Writing Werewolves?

Question: So far, the only thing I know about my story is that I want a werewolf protagonist. I have read plenty of stories about someone being turned into a werewolf and struggling with that change. But I wanted my protagonist to be born a werewolf, and I did not want werewolves to be mindless creatures subject to the moon's whim. Rather, I wanted them to be very human, but harbor an instinctive destructive, yet protective, force inside of them. That force is what causes humans to be afraid of them.

But the problem is, all I know about the story is that I want my main character to be a werewolf. What I know about my main character is that she is 19 years old, and African American. But aside from that, I'm not sure how to move forward. I cannot decide whether I want to populate my world with just humans and werewolves, or add more nonhumans.
Basically, I don't know how to tie the werewolves in such a way that taking them out would destroy the story.
To sum it all up, I have three basic questions:
1. How should I move forward when all I know is that I want to write about werewolves? What things should I keep in mind? Any book recommendations on writing werewolves?
2. Would it be strange to populate my world with humans, werewolves, and magicians? I thought that the magicians, since they are more useful and essentially human, would be welcomed by society while werewolves are treated like pariahs. Is this too cliche?
3. How do I choose a setting for a story about werewolves? In your opinion, what kind of place would they live in?

Answer:

1. Try asking yourself what types of problems/situations a 19-year-old Afro-American female werewolf might find herself in. What problems arise from being 19? From being Afro-American? From being a werewolf? How about all three at once? Make a list. Then ask yourself questions about each possibility. A number of story ideas will emerge.

2. You're writing about a werewolf and you're worried about the story seeming strange? As long as the story world makes sense to you and is internally consistent, you're fine. Also, cliches are fine, as long as you put a fresh spin on them or combine them in new ways.

3. You have to decide where you want your werewolves to live, according to what interests to you. Where and when do you think they would live? Ask yourself what different types of problems would arise in different settings, and see which ones intrigue you the most.

Comments for Writing Werewolves?

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Oct 09, 2014
Werewolf writing help
by: Anonymous

I would recommend that when writing about werewolves first thing you should do is decide whether it be a romance, historical, or comedy, or what other genre(s) you want your story to be.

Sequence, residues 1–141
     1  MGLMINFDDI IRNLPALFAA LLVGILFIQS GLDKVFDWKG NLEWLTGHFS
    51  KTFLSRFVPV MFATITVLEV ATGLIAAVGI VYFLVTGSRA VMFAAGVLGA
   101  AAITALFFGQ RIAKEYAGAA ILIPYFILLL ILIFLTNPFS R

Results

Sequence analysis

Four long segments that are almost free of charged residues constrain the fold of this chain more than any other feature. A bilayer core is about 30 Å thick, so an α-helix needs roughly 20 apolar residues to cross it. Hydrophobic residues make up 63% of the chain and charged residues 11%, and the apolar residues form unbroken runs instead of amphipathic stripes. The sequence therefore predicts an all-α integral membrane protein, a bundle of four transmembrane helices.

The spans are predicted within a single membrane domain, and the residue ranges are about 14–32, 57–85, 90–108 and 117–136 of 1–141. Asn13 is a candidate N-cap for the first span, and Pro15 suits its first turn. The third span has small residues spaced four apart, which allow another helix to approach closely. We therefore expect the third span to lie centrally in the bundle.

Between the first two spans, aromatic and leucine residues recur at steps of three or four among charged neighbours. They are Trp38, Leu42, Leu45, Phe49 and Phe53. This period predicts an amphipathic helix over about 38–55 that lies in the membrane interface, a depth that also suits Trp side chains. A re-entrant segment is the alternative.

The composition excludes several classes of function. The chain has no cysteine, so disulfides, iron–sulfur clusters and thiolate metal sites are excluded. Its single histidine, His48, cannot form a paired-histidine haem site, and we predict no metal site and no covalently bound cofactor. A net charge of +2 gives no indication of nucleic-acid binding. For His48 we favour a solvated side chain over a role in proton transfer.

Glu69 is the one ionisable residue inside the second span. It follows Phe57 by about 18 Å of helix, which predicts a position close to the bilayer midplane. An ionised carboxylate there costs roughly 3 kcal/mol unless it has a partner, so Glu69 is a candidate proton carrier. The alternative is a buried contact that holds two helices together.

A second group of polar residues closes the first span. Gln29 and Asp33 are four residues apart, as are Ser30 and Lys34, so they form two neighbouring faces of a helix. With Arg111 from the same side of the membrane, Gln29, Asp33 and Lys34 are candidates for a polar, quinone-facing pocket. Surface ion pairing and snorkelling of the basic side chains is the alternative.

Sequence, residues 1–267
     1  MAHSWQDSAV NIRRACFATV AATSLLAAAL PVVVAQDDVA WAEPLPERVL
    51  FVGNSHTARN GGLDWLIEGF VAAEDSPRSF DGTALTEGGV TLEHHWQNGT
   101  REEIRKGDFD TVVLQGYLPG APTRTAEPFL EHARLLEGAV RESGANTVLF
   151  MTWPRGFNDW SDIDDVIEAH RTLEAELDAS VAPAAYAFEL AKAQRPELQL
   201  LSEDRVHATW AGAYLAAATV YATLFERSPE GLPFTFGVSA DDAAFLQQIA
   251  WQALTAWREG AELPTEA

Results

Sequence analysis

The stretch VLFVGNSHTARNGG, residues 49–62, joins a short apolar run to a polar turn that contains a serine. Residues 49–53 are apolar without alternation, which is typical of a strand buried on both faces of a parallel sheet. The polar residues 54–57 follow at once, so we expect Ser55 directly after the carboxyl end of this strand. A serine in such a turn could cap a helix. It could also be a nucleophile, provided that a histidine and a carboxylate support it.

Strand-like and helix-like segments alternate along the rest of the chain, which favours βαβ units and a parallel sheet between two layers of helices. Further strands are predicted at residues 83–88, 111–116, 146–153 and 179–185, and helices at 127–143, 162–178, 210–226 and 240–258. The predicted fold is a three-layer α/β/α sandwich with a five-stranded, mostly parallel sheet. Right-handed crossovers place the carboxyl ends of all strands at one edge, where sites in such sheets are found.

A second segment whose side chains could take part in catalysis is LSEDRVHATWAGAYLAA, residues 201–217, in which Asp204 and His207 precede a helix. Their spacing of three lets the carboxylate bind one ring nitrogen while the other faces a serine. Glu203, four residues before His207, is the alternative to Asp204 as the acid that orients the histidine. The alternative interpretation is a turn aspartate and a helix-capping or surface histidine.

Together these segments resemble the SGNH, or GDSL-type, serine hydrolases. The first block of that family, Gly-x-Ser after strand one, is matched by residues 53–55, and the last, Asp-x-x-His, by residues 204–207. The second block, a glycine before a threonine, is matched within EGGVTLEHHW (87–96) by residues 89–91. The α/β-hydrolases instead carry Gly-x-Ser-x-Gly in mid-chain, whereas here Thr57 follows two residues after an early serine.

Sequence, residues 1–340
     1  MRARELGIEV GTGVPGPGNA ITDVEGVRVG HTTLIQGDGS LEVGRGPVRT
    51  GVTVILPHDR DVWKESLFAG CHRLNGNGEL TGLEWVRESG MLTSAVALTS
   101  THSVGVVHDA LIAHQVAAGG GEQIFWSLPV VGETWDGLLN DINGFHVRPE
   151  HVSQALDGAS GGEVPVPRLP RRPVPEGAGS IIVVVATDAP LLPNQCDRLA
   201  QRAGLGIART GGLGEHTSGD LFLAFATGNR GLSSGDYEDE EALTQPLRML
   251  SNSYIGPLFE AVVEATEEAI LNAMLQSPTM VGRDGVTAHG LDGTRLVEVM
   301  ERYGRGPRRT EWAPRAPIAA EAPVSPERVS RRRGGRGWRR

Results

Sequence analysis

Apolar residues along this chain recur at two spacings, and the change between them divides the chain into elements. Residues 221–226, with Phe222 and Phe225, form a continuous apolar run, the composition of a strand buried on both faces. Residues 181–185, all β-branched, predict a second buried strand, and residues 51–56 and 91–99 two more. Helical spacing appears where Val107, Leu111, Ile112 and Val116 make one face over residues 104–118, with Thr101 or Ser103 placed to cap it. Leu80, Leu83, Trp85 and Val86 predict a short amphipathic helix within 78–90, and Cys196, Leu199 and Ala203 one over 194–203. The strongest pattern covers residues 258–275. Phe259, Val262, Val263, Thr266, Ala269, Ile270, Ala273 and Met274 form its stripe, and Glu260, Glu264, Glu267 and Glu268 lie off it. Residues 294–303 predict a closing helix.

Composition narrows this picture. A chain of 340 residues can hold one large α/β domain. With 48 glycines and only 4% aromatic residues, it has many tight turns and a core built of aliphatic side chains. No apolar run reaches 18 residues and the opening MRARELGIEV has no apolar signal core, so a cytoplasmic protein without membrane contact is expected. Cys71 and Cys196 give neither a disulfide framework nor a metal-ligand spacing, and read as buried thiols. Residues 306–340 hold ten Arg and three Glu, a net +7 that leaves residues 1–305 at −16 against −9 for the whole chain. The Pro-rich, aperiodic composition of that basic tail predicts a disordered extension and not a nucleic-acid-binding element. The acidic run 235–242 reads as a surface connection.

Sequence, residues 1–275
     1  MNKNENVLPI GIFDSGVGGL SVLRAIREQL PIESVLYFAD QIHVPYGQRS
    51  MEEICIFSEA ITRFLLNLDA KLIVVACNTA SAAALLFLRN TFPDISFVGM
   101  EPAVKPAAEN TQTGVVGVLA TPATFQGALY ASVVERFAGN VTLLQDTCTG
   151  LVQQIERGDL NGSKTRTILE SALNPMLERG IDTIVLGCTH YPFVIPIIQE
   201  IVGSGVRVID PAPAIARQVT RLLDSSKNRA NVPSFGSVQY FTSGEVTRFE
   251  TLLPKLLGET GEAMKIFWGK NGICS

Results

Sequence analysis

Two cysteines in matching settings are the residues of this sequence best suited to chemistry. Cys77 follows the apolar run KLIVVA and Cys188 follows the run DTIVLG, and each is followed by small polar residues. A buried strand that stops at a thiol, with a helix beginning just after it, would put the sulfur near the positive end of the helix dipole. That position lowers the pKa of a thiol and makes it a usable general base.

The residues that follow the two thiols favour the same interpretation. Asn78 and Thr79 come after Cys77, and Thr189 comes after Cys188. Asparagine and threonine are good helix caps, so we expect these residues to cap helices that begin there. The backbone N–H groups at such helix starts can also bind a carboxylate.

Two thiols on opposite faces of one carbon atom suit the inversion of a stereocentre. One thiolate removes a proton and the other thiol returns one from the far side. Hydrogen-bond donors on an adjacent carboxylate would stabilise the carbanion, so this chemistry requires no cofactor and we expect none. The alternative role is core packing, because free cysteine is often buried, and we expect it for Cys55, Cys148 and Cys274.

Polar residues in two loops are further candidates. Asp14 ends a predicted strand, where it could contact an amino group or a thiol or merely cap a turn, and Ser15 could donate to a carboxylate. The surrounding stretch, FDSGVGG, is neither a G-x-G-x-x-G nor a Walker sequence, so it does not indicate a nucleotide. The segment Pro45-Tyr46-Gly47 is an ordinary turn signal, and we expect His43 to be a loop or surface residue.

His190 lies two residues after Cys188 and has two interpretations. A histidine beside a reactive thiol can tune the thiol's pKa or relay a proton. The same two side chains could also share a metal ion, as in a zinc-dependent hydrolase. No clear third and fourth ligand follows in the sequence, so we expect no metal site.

Figure out what you want your main character's name to be and some of the other character's names. THink about their traits too, if they are out-going, shy, quiet, passionate, determined, interested, intellectual, or angry. Figure out what your character's goal/future (in the story) is and what will stop them from getting it. Internal or external conflicts or both.

answer some of these questions in your head and I hope this helps get you started. Also, if you know what you want to happen in your story but don't know how to start it, just go ahead and jump right into the "good stuff" and come back and write the beginning whenever you want.

Mar 17, 2021
A Werewolf Book
by: K.E.M

So I am writing a horror/romance/mystery book. I've got most of the story figured out but I'm having trouble figuring out what the werewolf should say, I want it to be creepy and evil. What should I do?

Mar 21, 2021
to: K.E.M.
by: Glen

If you know why your werewolf is speaking, what he wants, his personality, who he is talking to, and his perspective on the situation that should help you know what he wants to say.

The more you can "get into character" (assume the character's point of view) when you're writing, the easier it is to write.

Dec 13, 2021
Real Werewolves Are Scary
by: Anonymous

What people seem to forget is that the werewolf represents the brutal side that humans keep hidden. It is no coincidence that serial killers and violent criminals were referred to as "werewolves" in the Middle Ages and not too long ago.

To me, what modern stories do in terms of humanizing the werewolf is just sinful. The creature is a beast. It's not a sexy, attractive teenager with the ability to turn into a big fluffy wolf. It's a hulking, relentless, indestructible monster that will stop at nothing to ravage everything in its path.

That being said, the werewolf can represent a great many things in literature. The ones that jump out the most to me would be the conflict between nature and humanity, a conflict within oneself, and the conflict between humanity's true nature and what we want to think ourselves.

Whatever way you look at it, the werewolf is a fascinating literary monster that does not get the attention that it truly deserves. I think it's high time there was a new werewolf novel that does the lycanthrope justice.

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